Bank of Israel Pares 2021 GDP Outlook While Hiking Next Year’s
(Bloomberg) -- The Bank of Israel lowered its economic growth forecast this year but expects next year’s output to approach pre-pandemic projections.
The economy will grow 5.5% this year, compared to the 6.3% last forecast, the central bank’s research department said on Monday. Economic output will expand 6% next year, an upward revision from the last mark of 5%, and just half a percentage point lower than forecast before the pandemic.
Against this backdrop, the Bank of Israel kept its benchmark lending rate at 0.1%, a decision predicted by all 13 economists surveyed by Bloomberg. Israel’s shekel was little changed to 3.2664 to the dollar at 4:38 p.m. in Tel Aviv.
The Israeli economy shrank an unexpectedly sharp 6.2% in the first quarter as a government-imposed coronavirus lockdown took a toll, but it’s been rebounding since it reopened in March. The budget deficit crept down to 10.5% of output in May and consumer confidence has skyrocketed in recent months. But the delta variant has sent cases surging in the past two weeks, and that “poses some risk to the continued recovery of the economy,” the central bank said in a statement.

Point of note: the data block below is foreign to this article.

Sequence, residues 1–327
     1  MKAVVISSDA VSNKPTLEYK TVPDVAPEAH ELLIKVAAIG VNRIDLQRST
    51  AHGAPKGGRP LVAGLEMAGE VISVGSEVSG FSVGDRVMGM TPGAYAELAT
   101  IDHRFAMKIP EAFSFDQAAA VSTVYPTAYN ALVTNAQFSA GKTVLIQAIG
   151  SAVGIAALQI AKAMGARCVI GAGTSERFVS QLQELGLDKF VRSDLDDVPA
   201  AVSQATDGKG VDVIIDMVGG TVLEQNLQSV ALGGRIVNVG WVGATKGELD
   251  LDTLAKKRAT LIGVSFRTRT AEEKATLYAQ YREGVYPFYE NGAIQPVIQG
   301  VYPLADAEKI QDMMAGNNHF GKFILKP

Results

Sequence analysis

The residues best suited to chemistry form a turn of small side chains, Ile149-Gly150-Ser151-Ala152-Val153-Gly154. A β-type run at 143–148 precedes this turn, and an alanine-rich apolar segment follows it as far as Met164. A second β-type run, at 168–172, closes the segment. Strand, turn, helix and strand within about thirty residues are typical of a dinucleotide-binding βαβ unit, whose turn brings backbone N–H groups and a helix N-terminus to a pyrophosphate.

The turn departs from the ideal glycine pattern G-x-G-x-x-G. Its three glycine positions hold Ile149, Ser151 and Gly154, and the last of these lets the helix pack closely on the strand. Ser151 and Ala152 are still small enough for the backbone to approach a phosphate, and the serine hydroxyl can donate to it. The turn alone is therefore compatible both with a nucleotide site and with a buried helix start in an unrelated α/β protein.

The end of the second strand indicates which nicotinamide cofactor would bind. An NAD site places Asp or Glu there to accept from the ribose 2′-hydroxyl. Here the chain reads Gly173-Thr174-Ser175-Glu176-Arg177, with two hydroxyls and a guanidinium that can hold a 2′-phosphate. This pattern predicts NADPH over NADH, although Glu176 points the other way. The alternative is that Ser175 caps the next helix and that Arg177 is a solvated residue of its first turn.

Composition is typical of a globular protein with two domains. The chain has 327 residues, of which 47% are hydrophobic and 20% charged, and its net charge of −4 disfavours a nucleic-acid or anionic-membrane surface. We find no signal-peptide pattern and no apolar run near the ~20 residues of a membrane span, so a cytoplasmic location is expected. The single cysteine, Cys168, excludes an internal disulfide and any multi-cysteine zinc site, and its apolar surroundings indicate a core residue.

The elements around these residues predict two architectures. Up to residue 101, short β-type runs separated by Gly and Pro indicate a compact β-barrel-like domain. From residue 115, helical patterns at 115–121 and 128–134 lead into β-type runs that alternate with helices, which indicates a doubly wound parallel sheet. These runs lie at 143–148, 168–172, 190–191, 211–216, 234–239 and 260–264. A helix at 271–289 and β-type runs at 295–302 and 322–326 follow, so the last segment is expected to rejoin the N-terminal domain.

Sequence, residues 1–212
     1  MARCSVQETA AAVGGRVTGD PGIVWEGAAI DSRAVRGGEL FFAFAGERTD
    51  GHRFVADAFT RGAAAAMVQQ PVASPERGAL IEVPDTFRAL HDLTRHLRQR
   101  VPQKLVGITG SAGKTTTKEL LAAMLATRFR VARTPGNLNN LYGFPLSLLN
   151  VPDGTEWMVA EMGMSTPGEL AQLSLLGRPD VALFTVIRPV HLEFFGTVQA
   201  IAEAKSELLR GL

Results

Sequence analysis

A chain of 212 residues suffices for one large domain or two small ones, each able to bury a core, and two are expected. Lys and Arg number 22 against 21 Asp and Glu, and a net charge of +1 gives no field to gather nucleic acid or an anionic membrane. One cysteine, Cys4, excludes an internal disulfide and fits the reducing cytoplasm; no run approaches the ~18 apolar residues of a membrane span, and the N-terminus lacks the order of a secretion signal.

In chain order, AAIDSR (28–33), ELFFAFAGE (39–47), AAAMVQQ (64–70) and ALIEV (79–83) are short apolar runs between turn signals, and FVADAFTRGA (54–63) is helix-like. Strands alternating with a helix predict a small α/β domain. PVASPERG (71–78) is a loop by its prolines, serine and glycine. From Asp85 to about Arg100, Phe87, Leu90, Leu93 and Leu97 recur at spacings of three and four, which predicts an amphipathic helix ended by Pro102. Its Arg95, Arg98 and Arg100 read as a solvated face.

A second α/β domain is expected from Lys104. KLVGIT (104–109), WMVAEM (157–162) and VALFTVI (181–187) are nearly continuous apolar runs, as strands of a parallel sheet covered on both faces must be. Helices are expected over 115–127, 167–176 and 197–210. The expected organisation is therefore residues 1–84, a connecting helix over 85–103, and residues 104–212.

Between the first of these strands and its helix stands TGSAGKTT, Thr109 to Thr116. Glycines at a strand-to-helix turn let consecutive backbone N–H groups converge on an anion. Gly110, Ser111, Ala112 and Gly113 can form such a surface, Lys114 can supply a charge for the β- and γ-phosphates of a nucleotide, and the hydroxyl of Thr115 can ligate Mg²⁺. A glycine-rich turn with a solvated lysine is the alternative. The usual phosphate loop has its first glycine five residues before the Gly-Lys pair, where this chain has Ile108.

The job market’s recovery is also somewhat more sluggish than expected. Unemployment dropped below 10% last month, the lowest since the pandemic began, but is still nearly triple the rate before the crisis struck. Although the end of furlough benefits last month will accelerate a return to work, Bank of Israel Governor Amir Yaron has said it will take a few years to return to pre-pandemic levels.
In the coming months, the new government faces several major tasks to ensure a broad economic recovery, including passing a budget that will rein in the nation’s debt and training workers for the recent changes in the global economy. Officials are also weighing new virus-related restrictions if the number of new cases doesn’t come down.
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